UFC Undisputed 3|
UFC Undisputed 3 is pretty hard to, well, dispute. Between its amazing graphics, vast variety of fighters and options, and its online features, it's got a lot that makes it the premiere option for mixed martial arts on consoles today. While it might lack some of the more interesting online options from EA's MMA offering last year, it makes up for that with its intuitive gameplay, accessibility to beginners, and improvements on the already-winning formula.
The game's presentation is top-notch. Every impact feels heavy, new readouts and modes let you run everything from competitive tournament play to realistic simulations, and even the computer matches are great to watch. Undisputed 3 might have taken a break from the series' previous yearly roots, but the extra time added up to a game that takes what worked from previous years, and made it better.
Really, the focus with Undisputed 3 is on variety. New players who can't handle the advanced transitions can switch to a simpler control scheme, letting them change their position in grapples or on the ground with the flick of a joystick. It'll be easier for veterans to counter their moves, without the ability to fake out or abandon a risky move, but for people who just end up spinning their analogue sticks wildly, it'll help them get themselves comfortable with the game. As someone who had some difficulty with the subtleties of the grappling game, and prefers striking, the simplified transitions were a great feature.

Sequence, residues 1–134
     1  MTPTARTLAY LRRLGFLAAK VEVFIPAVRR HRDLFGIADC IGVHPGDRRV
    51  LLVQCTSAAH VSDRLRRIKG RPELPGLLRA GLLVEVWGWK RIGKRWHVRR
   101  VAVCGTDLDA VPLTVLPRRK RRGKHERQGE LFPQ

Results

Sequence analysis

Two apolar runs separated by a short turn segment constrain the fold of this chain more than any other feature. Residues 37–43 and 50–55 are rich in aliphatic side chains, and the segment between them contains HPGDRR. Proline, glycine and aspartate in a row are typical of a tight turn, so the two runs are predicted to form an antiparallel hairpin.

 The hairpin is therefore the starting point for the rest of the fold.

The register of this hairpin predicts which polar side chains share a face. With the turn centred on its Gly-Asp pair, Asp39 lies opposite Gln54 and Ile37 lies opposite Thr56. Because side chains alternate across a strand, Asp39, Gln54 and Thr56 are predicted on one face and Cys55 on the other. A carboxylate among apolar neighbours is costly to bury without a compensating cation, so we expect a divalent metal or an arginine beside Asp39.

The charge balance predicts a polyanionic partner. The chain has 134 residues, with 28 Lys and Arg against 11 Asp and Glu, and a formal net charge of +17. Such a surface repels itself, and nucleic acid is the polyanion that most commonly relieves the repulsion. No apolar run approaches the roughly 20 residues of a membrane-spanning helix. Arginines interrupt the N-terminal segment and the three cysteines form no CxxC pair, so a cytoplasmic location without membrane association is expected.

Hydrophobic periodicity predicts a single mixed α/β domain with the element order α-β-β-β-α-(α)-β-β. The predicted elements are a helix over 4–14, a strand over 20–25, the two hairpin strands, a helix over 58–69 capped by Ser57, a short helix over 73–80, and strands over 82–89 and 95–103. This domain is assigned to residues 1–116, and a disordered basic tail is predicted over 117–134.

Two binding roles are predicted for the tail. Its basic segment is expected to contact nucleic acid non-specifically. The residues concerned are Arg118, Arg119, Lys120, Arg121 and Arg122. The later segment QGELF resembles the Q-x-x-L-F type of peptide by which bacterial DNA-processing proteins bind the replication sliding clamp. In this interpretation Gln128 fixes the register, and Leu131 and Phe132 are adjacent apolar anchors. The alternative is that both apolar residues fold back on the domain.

The game's character customization shines through as well. With footwork separated from attack speed and top and bottom grappling differentiated from one another stat wise, players will have more room to define their fighter's personal style. Meanwhile, the visual customization gives you the ability to recreate yourself, your favorite fighters, or some genuinely terrifying freaks of nature. For a fun surprise, set all your sliders as high as they can go, and play a fighter with the Innsmouth Look!
I played a Muay Thai fighter and a boxer, and as the career mode went on, pulled my special moves from an array of different schools, from various camps of fighters. By the end of my play session, my Muay Thai fighter was throwing spinning backhands, launching devastating knees to the chin, and smashing my heel into opponents' foreheads, while the boxer was focusing on strong punches that weren't quite as spectacular, but could send an unprepared opponent to the ground incredibly fast.
It might not scream excitement at first, but the biggest addition of the year is probably the way the game teaches you to play. While there are semi-intrusive tutorials when you first start up the game, telling you how to punch, kick and grapple, the real meat of the game's teaching comes mid-match. As you fight, in addition to the announcer, your corner man gives you context-sensitive hints. Between rounds, your trainer will point out the strong and weak points in your strategy. The pointers went a long way towards making me more aware of how I played, improving my game quite a bit.